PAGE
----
Press release: 1995-10-24: Sega begins 24-hour countdown to "Vectormania"

From Sega Retro

This is an unaltered copy of a press release, for use as a primary source on Sega Retro. Please do not edit the contents below.
Language: English
Original source: The Free Library

 Oct. 24, 1995, will go down in history as "V-Day," the day Sega of America turned video gamers around the country into "Vectormaniacs."

"VectorMan," Sega's most challenging and sophisticated Sega Genesis game, hits store shelves nationwide tomorrow with more than $160,000 in cash and prizes to be awarded in the first-ever "Play to Win" challenge.

Upon completion of the game, lucky players who have one of the randomly seeded winning cartridges will see a final screen declaring "You Win!" with a secret phone number and address. Winners have a chance to win the grand prize -- $25,000, one of 10 first prizes -- $10,000, or one of 90 second prizes -- a Sega Saturn system with "Virtua Fighter."

To claim prizes, players must first call the secret phone number and then mail in their winning "VectorMan" cartridge to the secret address (see note below).

"VectorMan is the fastest, most challenging and chaotic 16-bit video game ever created," Mike Ribero, executive vice president, Sega of America said. "Add to that the `play to win' element and you've got `Vectormania,' which will be nothing short of an all-out race to the finish."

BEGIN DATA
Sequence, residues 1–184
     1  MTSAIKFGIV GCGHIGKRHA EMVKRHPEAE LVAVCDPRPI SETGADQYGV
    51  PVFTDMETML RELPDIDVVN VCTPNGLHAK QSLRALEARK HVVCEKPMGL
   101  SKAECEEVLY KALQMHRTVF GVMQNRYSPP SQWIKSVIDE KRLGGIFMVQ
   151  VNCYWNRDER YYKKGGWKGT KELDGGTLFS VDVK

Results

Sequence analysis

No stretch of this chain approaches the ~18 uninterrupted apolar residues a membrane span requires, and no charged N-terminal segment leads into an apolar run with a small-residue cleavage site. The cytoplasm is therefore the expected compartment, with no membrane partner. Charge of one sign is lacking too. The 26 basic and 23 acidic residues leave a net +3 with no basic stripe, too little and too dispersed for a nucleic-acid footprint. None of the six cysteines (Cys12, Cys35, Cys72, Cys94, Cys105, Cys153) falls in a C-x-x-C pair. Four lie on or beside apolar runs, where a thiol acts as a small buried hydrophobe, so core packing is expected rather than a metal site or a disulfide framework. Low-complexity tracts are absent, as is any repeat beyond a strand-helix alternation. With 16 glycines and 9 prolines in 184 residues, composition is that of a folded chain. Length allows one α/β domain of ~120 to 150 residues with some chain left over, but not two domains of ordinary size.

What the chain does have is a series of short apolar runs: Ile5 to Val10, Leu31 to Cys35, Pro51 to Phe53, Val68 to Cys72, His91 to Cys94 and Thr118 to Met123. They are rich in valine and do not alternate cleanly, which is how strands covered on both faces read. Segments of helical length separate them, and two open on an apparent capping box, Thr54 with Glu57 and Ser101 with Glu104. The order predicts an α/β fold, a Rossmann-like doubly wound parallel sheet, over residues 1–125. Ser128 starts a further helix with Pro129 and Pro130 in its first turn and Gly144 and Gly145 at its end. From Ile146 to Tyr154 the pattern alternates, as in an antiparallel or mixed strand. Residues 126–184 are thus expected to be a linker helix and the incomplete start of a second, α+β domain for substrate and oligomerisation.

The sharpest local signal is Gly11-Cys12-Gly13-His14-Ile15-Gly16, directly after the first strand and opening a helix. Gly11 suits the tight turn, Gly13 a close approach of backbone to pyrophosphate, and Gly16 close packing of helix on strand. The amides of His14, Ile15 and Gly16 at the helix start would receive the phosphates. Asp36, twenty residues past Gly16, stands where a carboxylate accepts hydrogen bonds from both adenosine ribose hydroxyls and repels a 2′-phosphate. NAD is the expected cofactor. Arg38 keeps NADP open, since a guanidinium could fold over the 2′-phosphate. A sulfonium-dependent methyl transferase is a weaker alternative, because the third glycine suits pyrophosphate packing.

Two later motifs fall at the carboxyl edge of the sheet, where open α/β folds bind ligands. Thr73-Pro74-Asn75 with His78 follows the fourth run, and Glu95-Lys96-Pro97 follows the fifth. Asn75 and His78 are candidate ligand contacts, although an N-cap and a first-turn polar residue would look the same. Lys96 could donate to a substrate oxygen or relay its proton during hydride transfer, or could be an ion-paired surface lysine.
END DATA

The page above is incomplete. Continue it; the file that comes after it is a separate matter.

The main character, VectorMan, achieves seamless and fluid movement throughout the game with Sega's innovative "Vector Piece" animation techniques. Composed of mechanical shapes and spheres, VectorMan can morph freely and smoothly into mechanical incarnations such as a high-speed drill, jet fighter, dune buggy, mechanical fish or a bomb. With an arsenal of ultra-tech weapons at his disposal, VectorMan battles a sophisticated army of "orbots" to save the Earth.

VectorMan pushes the edge of Genesis technology to create action-packed 3D worlds with 60-frame-per-second animation, the highest speed gameplay ever seen on a 16-bit videogame machine.

"Adding such innovative technology to the 16-bit development system, `VectorMan' will set a new standard for gameplay on the Genesis," added Ribero. "The gameplay is so spectacular, players won't be able to get enough of VectorMan."

There is no purchase required to play the contest and winners can also participate by handwriting their name, address, age and phone number on a postcard and sending it to "Sega Play to Win Contest," P.O. Box 7531, Melville, N.Y. 11775-7531.

All entries must be received by July 31, 1996. Rated KA, "VectorMan" carries a suggested retail price of $59.99. For more information about the contest, consumers can call 415/591-7529.

Sega of America is the arm of Tokyo-based Sega Enterprises Ltd. responsible for the development, marketing and distribution of Sega videogame systems and videogames in the Americas. Sega Enterprises is a nearly $4 billion company known as the industry leader in interactive digital entertainment media, and is the only company that offers entertainment experiences both inside and outside the home.

Sega of America's World Wide Web site is located at

Note: Contest void where prohibited. No purchase necessary. For a complete listing of all contest rules and restrictions, please contact Sega of America.

CONTACT: Sega of America

Angela Edwards, 415/802-3908


Manning, Selvage & Lee

Christopher Kingry, 213/782-6600, ext. 229
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